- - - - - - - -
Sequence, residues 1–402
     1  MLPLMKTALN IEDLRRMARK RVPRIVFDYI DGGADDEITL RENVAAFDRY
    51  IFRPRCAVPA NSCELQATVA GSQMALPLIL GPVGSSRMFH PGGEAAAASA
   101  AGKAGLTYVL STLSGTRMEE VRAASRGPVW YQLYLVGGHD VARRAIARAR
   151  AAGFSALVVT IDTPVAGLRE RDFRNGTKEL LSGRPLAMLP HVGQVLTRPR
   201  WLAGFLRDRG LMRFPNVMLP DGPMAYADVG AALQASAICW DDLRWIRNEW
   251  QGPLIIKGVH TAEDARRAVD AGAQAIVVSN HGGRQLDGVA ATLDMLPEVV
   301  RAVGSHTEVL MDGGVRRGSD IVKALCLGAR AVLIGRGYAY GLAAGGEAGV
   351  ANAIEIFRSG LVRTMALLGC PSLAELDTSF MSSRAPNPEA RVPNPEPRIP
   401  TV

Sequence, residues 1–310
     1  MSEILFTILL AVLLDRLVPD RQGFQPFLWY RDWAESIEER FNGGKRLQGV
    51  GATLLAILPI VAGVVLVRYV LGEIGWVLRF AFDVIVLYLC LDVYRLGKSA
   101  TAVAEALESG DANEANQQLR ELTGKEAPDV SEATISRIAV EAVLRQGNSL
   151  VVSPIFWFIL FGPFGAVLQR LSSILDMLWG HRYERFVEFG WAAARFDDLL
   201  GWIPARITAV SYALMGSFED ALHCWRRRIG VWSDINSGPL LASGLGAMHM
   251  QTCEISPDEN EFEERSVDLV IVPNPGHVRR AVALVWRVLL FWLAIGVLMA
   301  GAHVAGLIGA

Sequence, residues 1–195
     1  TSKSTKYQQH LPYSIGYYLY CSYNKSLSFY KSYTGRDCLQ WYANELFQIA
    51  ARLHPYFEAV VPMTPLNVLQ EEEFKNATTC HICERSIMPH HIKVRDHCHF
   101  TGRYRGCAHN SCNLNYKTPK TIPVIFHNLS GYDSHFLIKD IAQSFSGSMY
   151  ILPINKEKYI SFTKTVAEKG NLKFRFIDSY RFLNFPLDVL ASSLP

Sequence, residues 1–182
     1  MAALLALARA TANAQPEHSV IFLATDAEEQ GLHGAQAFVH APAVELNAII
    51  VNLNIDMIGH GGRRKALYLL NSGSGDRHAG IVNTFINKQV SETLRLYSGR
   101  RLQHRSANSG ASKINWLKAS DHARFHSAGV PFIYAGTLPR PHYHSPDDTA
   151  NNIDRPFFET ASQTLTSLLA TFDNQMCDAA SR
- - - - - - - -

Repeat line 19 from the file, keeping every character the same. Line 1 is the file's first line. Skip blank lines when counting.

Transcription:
Sequence, residues 1–195